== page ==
Bless your heart for sharing this I know my Dad, Tom Allen, was on his way home that morning from Wheeling FD, I know he also stopped to help. I hope that you are well.

  • Romanfit says:

    I remember; God bless my brother Jason-my best friend then & now; Jason was a Cadet on the Fox river grove Fire Dept & on that bus! Jason has been a full time Firefighter for years now. I love you Jason!! God bless all those presious souls that we lost that day & God bless their families! God bless all EMS & civilian who helped in “any” way on that day and the days that followed! “We remember”!

  • Romanfit says:

    John, I hope your doing well!

    When I talked to My mother about getting Jason to become a Cadet on the Dept., it was because his friends started getting into trouble & Jason had no “real” father figure. Jason was already a very caring & respectful young man & I didn’t want that to change! I believed the Fire Dept. would help Jason keep those attributes & teach him more, as well as give Jason many good “Father figures” to learn from! John you definitely were that to Jason and I thank you so much!

  • Andreaswanson says:

    It was 16 years ago, it happened in 1995, my daughter was born the day after.

  • Kellster29 says:

    Liz I can’t believe you posted this, I was living in Union Grove Wisconsin at this time. I was laying down when I heard on the news FOX RIVER GROVE I jumped up called my mom and I could hear over the phone the hellicopters flying overhead i…t was the worst sound I could of heard at that moment. Then her and I came up with an idea to go door to door to collect donations for all the family’s that had a loss in their life that day. We got a few more girls together, made up a map of the houses that didn’t have a loss cause we didn’t want to knock on one of their door’s. But my mom had made a mistake with the map and we stopped at one house,a man answered the door and said he lost his child that day and I just wanted to cry and curl up in a ball. The man said to me, give me a second, he went got money came back and said I want to thank you girls sooo much for what your doing it means a lot to him and please give this to the other family’s that lost a child that day. WHAT A GUY!!! I said thank you and walked away with tears in my eye’s. Sorry for the long story it just was a big impact on my life :(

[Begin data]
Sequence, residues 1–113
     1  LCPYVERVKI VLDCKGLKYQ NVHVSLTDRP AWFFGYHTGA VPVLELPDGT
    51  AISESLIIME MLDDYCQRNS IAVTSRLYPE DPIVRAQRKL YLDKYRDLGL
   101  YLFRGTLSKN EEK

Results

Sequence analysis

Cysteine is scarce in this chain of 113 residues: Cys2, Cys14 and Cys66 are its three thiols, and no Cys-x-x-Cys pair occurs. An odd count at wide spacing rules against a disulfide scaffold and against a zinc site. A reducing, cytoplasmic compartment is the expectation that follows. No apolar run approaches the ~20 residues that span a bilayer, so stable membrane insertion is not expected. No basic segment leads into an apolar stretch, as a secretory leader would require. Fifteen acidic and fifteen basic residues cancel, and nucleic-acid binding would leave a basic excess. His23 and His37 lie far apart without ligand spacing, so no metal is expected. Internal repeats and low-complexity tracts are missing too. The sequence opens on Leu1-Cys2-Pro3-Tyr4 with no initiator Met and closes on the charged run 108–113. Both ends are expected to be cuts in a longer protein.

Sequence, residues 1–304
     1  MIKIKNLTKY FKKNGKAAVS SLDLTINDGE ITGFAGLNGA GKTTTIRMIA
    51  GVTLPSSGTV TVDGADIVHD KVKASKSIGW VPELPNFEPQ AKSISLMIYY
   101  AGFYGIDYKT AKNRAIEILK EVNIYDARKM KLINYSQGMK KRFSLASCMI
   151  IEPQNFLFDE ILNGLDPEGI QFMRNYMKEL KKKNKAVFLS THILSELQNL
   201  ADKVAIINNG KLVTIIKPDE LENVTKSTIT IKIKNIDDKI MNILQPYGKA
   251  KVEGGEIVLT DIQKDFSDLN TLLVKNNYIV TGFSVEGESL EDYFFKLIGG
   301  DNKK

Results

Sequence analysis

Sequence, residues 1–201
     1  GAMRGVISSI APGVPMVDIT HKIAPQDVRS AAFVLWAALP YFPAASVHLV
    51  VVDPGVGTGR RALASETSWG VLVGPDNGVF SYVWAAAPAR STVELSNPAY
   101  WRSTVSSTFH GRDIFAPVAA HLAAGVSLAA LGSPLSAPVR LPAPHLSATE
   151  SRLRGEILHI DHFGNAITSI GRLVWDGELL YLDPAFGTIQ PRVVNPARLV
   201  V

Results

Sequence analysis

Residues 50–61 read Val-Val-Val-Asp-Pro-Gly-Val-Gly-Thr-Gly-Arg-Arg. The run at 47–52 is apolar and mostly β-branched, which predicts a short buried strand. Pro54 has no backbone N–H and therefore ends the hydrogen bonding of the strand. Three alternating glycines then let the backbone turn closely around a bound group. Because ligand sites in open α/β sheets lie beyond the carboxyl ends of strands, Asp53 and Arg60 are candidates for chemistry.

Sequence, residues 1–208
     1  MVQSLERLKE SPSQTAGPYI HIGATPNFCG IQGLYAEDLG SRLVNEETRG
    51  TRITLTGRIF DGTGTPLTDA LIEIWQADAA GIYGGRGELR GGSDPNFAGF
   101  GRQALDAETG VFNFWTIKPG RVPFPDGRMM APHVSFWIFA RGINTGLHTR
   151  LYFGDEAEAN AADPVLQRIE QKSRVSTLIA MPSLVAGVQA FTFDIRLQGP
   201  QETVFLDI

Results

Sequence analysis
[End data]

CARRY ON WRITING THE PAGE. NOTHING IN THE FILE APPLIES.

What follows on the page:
• Higbyd says:

    There was A picture of my Uncle Firefighter Paramedic Gene Higby from Cary at this accident. I do remember this. I was in Crystal Lake  when this happened.

  • JMcGrath35 says:

    This was in fact one of the most tragic bus accidents i can remember. At the time i was a student at Sussex Technical High school in Georgetown Delaware. We had a news program called channel one we watched every morning. When channel one was broadcasting the news of the accident you could of heard a pin drop, I who had always been interested in school buses instantly told my friend that the bus was either a Word or an Tran Am with an International chassis. That soon left my mine when they mention the 7 students that had lost their life. For weeks i could not get it out of my head and as a school bus driver myself every time i stop at a railroad crossing it is always in the back  of my mind. Its been 16 years and it’s lesson i will not soon forget       

  • Ageless Male says:

    thats was a great and heartbeaking story

    thanks for sharing 

  • Sparkyat54 says:

    Littered!? Worst choice of words ever. Seven children died and they were not littered. Also, most of them were alive when the paramedics showed up. Grow a pair